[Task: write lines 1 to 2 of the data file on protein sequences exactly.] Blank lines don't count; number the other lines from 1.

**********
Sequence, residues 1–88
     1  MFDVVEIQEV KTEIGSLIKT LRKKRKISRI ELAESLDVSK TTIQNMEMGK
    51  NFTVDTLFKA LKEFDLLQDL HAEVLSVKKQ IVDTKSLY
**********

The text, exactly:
Sequence, residues 1–88
     1  MFDVVEIQEV KTEIGSLIKT LRKKRKISRI ELAESLDVSK TTIQNMEMGK